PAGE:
LONDON: The United States government should invest in nickel refining capacity in coordination with its allies, according to the Biden Administration's 100-day review of critical supply chains.
"If there are opportunities for the US to target one part of the battery supply chain, this would likely be the most critical to provide short- and medium-term supply chain stability," the report said.
It's an unexpected priority. Nickel isn't on the US list of critical minerals. Although the country depends on imports, 68percent of supplies come from what the report calls "allied nations" such as Canada, Australia, Norway and Finland.
But the Department of Energy (DOE) has identified Class 1 nickel, the type best suited to lithium-ion batteries, as both key vulnerability and key opportunity.
The emphasis on nickel doesn't mean the White House is complacent about other critical battery materials such as lithium and cobalt but it says a lot about how the administration is thinking about the problem.
The United States is import-dependent across the spectrum of battery metals with large parts of the supply chain captured by China, a problematic international trading partner.
However, the nature of the dependency differs by mineral, starting in the ground.
The United States, for example, "has lithium resources and domestic corporations well-versed in recovery and refinement globally", according to the report.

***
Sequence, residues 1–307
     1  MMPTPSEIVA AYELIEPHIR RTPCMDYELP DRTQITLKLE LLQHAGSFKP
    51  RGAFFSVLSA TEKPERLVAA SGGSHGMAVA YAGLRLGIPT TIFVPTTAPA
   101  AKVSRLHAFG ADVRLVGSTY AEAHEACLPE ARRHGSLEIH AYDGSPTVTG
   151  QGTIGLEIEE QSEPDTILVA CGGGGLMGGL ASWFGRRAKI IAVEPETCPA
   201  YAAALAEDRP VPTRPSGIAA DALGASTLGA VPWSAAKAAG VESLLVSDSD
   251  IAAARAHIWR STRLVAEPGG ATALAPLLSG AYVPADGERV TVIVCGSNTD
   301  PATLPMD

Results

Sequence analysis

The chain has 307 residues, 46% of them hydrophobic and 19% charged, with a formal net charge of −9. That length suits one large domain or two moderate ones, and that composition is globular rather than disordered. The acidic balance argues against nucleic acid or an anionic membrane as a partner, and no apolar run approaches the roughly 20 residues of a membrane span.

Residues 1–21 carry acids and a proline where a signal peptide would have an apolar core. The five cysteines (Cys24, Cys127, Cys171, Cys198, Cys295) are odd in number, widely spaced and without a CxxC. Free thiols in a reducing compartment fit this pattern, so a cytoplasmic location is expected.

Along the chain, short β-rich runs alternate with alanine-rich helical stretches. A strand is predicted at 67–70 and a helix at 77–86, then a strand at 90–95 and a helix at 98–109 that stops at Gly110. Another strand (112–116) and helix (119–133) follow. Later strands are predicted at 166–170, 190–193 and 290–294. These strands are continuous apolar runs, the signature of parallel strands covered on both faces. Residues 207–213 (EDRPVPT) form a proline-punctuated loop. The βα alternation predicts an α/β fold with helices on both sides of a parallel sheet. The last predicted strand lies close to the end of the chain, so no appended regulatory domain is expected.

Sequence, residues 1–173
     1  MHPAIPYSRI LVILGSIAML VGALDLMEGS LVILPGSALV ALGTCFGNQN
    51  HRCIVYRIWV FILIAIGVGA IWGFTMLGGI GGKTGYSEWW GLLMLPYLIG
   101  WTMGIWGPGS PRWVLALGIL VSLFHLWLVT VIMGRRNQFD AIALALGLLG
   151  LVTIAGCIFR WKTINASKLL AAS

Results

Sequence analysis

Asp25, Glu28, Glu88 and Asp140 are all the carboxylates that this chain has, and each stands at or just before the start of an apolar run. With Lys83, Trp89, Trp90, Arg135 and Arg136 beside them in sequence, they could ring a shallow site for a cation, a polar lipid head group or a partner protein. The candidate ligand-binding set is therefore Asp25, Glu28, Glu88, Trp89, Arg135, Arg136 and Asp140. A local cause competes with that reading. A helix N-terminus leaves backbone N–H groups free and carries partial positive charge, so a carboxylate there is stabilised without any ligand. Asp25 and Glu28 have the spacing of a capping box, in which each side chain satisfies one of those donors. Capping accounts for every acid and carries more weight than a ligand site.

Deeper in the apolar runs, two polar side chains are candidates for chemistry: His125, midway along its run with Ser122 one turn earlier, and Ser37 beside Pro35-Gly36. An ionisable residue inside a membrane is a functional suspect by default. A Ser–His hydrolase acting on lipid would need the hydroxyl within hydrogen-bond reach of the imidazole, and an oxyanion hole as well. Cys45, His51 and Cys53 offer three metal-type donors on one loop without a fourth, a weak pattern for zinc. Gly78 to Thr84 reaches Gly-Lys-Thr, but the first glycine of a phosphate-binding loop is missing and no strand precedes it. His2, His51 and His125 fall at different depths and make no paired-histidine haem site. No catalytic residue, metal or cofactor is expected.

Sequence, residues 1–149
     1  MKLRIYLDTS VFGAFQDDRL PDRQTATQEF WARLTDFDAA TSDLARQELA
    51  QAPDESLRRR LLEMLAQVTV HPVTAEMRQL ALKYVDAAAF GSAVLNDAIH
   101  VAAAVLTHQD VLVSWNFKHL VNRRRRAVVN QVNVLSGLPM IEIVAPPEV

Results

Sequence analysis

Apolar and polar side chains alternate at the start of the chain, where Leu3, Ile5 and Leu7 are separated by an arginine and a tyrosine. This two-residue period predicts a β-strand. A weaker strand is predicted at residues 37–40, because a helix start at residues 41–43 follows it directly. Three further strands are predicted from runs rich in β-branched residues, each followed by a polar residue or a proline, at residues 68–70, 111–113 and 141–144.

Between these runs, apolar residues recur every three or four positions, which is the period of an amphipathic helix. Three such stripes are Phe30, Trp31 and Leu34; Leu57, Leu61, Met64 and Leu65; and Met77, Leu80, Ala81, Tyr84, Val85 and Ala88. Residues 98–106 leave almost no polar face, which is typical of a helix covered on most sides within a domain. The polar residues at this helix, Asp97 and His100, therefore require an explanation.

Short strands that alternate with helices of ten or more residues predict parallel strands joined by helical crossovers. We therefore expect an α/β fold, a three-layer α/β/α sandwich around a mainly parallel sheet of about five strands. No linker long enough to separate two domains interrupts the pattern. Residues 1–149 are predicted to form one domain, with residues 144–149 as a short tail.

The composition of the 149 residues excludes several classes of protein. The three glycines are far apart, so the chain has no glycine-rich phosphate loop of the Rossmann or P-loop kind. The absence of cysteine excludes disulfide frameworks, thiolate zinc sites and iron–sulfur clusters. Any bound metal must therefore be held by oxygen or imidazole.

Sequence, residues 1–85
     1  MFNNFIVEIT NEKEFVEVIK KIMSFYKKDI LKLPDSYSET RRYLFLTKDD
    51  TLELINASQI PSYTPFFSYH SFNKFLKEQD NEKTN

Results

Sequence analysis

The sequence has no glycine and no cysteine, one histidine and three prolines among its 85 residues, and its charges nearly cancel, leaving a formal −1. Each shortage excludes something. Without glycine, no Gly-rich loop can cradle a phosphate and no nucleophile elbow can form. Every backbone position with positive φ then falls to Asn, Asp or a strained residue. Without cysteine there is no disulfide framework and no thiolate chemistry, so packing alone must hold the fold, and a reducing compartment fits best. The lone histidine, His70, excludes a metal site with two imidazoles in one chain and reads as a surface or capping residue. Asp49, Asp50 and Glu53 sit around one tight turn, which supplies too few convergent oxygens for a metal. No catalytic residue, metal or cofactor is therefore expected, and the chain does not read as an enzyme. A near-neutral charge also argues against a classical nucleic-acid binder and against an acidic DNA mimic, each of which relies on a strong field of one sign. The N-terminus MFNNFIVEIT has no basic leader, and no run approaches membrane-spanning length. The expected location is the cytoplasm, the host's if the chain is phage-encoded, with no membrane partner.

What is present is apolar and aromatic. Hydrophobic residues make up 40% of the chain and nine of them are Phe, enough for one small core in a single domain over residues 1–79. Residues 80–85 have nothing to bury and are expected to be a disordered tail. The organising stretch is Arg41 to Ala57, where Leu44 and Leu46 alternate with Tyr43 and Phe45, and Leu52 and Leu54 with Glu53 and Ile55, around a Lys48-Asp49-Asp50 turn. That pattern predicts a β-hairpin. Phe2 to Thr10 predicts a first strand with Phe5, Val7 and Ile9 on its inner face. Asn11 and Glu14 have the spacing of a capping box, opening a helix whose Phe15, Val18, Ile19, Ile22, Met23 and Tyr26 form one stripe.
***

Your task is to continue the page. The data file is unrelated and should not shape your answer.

The ambition, therefore, is to stimulate more domestic mining and, even more importantly, domestic processing through a potential mix of purchasing guarantees, federal funding and research and development into enhanced recovery technology. China's investments in this section of the supply chain "has made them the world's leader despite limited domestic lithium supply", the report notes.
When it comes to nickel, however, the only active US mine - Eagle in Michigan - is due to retire in 2025 and domestic deposits are small and low grade.
There is no domestic nickel processing capacity outside a limited amount of by-product salt production.
Yet this particular battery metal is the one likely to experience the most significant demand increase over the coming years, the report says, with "market indications that there could be a large shortage of Class 1 nickel in the next 3-7 years".
Indeed, with nickel content rising in battery cathode design, not having enough of the right kind of nickel "poses a supply chain risk for battery manufacturing globally, not just in the United States".
Nickel demand is rising because automakers are trying to reduce their usage of cobalt, a metal that is overshadowed by a supply-chain reliance on the Democratic Republic of Congo (DRC) and its artisanal workforce.
The Department of Energy wants to help them with a commitment to "a multi-year initiative to address the scientific and engineering issues with reducing and eliminating the cobalt in EV batteries".
Research is already taking place into new materials such as silicon and lithium metal anodes with progress to date "very good", the report says.